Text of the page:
Numbers don’t lie: How the Paly Sports Boosters distributes its funding
October 10, 2012
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University of Alabama table tennis. USC bowling. Ohio State badminton. Heard of any of these teams? Probably not. Heard of their football teams? Probably a different story.
Since football’s popularity took off in the first half of the 20th century, schools in the United States have often seemed to favor their football programs over the programs of less mainstream sports.
The USC Trojans have just opened their brand new John MaKay Center, complete with lockers with individual screens, a team lounge and an indoor, air-conditioned football field. And no, the bowling team doesn’t have one as well.
This perception of injustice exists at Paly as well. Over the past couple of years, many athletes from underrepresented sports at Paly have been vocalizing their complaints, saying that football receives an unfair advantage in funding, uniforms, and school amenities.
“I feel like it is unfair–football always gets new uniforms but track and cross-country still use the disgusting, crappy, unattractive, outdated ones,” Sasha Robinson (‘13) said.
Runner and former volleyball player Vivian Laurence (‘14) echoes Robinson’s ideas.
“I think they intend it to be equal, but in reality it’s not,” she said. “For example, in the Christmas tree lot, people choose donation, and those people normally support bigger sports and are biased based on volunteers.”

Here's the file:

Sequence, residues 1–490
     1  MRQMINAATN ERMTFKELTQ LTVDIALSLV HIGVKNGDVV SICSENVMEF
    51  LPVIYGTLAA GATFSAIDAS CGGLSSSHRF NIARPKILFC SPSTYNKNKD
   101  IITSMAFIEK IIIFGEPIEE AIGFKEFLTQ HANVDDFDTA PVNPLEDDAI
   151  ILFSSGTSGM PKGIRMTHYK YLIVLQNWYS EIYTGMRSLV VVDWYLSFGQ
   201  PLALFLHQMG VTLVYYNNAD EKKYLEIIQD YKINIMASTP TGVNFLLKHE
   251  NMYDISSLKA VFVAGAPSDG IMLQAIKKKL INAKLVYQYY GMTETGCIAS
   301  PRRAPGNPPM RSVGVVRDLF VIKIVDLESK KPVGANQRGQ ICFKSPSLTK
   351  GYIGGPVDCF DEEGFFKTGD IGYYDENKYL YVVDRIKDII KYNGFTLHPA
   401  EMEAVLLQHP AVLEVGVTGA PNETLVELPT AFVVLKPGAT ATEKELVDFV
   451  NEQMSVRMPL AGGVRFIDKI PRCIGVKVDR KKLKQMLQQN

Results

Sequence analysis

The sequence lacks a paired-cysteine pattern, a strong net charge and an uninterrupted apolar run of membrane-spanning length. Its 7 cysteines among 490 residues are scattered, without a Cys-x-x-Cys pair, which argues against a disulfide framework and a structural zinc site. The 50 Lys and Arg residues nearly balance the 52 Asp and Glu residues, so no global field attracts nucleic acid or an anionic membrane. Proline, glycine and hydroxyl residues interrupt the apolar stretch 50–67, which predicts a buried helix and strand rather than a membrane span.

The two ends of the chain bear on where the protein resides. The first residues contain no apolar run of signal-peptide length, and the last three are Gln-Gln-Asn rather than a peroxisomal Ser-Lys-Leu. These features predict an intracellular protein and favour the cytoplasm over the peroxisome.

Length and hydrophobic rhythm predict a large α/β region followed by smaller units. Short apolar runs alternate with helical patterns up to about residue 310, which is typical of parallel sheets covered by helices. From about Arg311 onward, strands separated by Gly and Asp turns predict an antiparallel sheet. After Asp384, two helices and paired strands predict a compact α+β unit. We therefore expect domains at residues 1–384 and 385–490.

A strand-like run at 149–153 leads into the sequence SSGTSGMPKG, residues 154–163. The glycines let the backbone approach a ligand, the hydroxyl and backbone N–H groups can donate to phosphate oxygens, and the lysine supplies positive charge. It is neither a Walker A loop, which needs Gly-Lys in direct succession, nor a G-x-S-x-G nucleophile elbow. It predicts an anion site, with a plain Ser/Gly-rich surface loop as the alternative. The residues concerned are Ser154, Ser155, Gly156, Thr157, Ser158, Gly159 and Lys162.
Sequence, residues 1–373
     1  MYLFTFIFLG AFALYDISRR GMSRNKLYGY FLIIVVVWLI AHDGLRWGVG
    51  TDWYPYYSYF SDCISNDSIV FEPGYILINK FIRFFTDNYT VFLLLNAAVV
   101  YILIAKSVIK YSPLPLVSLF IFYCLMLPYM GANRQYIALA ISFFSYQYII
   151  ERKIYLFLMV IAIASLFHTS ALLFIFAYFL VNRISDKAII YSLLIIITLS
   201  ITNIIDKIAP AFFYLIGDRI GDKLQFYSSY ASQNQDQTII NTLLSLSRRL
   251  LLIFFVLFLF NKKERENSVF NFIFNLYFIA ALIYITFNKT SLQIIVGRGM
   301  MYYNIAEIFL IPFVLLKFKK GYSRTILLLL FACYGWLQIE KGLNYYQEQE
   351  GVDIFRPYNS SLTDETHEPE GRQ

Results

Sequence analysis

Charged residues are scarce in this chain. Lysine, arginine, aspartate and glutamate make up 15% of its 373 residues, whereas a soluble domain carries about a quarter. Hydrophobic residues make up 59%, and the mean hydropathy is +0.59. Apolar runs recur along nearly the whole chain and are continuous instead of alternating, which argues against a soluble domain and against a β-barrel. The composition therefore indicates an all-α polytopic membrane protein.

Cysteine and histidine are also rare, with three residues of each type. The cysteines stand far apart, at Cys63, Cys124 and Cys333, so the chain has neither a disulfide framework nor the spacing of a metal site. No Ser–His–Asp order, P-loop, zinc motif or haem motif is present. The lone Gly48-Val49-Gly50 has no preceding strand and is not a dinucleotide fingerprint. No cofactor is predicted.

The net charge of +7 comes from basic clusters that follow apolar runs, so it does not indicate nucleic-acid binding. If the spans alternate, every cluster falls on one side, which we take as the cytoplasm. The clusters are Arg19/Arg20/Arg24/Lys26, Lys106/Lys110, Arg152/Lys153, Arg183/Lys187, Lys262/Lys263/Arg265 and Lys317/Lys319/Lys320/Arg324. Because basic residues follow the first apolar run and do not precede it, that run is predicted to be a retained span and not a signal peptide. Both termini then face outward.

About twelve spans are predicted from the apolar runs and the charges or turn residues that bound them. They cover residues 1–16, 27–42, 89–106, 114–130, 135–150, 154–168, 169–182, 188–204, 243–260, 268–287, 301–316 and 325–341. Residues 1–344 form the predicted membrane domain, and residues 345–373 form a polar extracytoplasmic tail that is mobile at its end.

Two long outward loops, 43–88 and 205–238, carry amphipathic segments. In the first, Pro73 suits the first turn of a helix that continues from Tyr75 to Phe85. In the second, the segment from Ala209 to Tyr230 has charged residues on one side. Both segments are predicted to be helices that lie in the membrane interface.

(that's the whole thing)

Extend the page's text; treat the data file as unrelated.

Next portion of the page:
Although student-athletes do believe that football is more likely to succeed because of its advantages in the bank and around school, in reality, it helps funds other sports.
“The fact is that the smaller teams would not be able to survive without help from the larger teams,” Paly Sports Boosters treasurer Karan Barich said.
The majority of the Sport Boosters’ money comes from the $175 fee to participate in a sport.
“Each athlete is asked to make a tax-deductible donation to support the athletic program when they participate on a team,” Barich said. “This year we raised the suggested donation amount from $150 to $175 because the costs of everything have gone up.”
Because of this, teams with more people end up supporting those with fewer. Barich, however, thinks that this brings the Paly athletic community closer, rather than making it unfair.
“This is a good way for the members of our athletic community to support each other,” she said.
All of this money is then placed into one large pot and equally distributed to each sports’ necessities. For equipment, clothing and other non-necessities, teams must raise their own money, which they often do in by working the Christmas tree lot and in the snack shack.
Water polo coach Matt Johnson finds the fundraising very simple.
“Whatever your program fundraises yourself goes straight to your program,” Johnson said.
Entrance fees to football and basketball games, however, are donated directly back to the one big pot that supports of all the sports.
While smaller programs may struggle to raise the same amount of money that football does, thanks to the communal pot of entrance fees, no sport will become as forgotten as the USC bowling team. <<<
Pippa is a senior at Paly and this her second year on The Viking. At Paly, she runs cross-country and track and field. In her free time, Pippa enjoys...